Ostensibly it's about British soccer/football history and one of its most famous figures, football manager Brian Clough.  The movie, though, is far more than that, and much more than your standard "road-to-glory" tale.  It is a fascinating story of success and failure on the soccer pitch, but above all it is an absolutely riveting character study of Clough (brilliantly portrayed by Sheen).  And you don't have to be a soccer fan to appreciate it, which is one of the great features of the film.

The rest of the the review and the trailer below the fold:

Nerd News: Did Dr. Seuss Coin the Word "Nerd"?

If this story isn't true, it certainly ought to be be:
The first documented use of the word Nerd is in the 1950 Dr. Seuss story, If I Ran the Zoo, in which a boy named Gerald McGrew made a large number of delightfully extravagant claims as to what he would do, if he were in charge at the zoo. Among these was that he would bring a creature known as a Nerd from the land of Ka-Troo.
... “And then, just to show them, I’ll sail to Ka-Troo. And Bring Back an IT-KUTCH, a PREEP and a PROO, a NERKLE, a NERD, and a SEERSUCKER, too!”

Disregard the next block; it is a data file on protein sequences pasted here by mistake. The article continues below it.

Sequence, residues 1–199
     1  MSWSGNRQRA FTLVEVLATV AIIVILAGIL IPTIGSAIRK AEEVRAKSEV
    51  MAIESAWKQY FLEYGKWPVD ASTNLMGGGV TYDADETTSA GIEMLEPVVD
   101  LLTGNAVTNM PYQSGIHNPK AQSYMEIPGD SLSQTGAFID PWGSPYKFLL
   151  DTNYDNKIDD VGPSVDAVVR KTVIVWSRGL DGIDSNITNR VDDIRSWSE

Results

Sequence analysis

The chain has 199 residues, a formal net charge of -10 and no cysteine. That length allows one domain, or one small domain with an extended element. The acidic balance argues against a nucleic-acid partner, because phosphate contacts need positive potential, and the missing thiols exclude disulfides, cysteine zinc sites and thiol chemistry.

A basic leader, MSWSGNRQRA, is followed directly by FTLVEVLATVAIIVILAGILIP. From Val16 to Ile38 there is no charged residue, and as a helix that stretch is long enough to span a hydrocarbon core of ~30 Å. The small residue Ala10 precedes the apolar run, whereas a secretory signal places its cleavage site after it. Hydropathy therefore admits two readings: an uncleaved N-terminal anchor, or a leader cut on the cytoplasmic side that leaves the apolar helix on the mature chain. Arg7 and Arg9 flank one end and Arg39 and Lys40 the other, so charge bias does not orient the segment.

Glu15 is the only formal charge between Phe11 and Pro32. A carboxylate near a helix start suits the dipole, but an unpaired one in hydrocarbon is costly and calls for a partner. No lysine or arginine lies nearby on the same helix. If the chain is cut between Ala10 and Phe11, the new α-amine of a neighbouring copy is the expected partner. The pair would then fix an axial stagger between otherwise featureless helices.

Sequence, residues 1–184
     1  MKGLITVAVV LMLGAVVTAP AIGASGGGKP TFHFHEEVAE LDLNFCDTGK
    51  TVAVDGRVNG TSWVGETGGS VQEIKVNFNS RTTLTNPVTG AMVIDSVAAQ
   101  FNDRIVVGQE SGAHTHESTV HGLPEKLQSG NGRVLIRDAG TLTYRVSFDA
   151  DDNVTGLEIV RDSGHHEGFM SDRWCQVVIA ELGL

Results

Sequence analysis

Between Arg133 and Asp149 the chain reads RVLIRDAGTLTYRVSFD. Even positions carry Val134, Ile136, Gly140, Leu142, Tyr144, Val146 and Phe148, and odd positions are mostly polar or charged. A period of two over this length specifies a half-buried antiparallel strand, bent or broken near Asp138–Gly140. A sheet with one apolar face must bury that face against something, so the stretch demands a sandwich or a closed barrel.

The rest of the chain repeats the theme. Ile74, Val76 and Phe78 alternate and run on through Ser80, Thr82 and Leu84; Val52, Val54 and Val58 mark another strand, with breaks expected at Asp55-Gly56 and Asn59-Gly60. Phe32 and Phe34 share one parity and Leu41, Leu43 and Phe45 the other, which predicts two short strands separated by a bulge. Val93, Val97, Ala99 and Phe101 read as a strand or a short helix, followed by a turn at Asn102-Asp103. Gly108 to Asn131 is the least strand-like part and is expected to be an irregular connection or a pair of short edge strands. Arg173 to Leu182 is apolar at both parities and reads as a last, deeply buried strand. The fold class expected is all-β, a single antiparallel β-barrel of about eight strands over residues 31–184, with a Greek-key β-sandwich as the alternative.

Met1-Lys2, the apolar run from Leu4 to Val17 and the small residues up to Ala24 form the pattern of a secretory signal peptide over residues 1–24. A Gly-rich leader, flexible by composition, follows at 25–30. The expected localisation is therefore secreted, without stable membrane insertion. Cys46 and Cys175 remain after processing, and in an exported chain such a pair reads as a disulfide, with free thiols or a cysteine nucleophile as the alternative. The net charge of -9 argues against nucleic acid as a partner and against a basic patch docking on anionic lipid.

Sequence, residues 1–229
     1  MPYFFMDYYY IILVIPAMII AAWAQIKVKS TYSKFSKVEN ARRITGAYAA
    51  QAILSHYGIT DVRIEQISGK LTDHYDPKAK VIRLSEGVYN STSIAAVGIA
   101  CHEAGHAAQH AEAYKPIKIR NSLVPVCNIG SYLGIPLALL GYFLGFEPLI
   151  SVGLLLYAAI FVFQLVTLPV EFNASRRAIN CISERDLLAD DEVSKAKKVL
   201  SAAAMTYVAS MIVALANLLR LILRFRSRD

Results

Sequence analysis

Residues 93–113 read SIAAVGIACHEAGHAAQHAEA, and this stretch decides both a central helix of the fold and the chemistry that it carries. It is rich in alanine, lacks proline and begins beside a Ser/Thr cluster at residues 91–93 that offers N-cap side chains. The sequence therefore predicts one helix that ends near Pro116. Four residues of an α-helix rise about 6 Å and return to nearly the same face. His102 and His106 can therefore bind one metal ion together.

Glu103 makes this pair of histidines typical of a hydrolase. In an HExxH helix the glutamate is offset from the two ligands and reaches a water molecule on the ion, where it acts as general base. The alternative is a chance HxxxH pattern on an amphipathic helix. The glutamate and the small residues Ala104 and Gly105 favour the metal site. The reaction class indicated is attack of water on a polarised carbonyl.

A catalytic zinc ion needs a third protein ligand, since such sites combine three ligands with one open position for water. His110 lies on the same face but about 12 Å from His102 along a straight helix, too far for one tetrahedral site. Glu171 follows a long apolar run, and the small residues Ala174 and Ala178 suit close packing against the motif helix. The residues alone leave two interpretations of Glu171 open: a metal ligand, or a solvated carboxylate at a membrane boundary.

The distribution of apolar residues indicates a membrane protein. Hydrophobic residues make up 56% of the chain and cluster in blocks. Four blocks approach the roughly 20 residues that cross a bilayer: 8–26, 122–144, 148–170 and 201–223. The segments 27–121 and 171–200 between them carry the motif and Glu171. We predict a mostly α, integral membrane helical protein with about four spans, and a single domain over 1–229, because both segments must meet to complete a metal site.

I must say, though, that how you pronounce the word has a lot to do with it.  The best version I've ever heard is a Scottish accent: "nerd" turns magnificently into "naaaaaiiiirrrrrrrd."

Tuesday, August 24, 2010

Life Imitates "Doctor Who": China's Ten-Day-Long Traffic Jam Could Last Into Mid-September

Look at this and this.  Then look at the plotline for the episode "Gridlock" (which previously appeared here.)  That traffic jam went on for years until Ten showed up and cleared it (and had time to play with kittens along the way).  Okay, but I don't think a sprightly Time Lord from Gallifrey's going to show up and fix China's traffic jam nightmare.

Blast From the Past: C.S. Lewis BBC Address

Wheat and Weeds has what is said to be the only surviving address of a series that C.S. Lewis gave on BBC radio. The series eventually became the book Mere Christianity.  Cool!

Cartoon Commentary: The Egg Recall

MM in the Kitchen: Cinnamon Pecan Biscuits with Peaches and Cream

Since summer peaches are fabulous by themselves, is this glorious decadence gilding the lily?  Gild on, then!

Monday, August 23, 2010

MM in the Kitchen: Mussels in Tomato Sauce

This yummy recipe is for Alessandra ... and everyone else who loves some good mussels.  Serve over pasta or with some good crusty bread.  Add a crisp green salad, and you're done!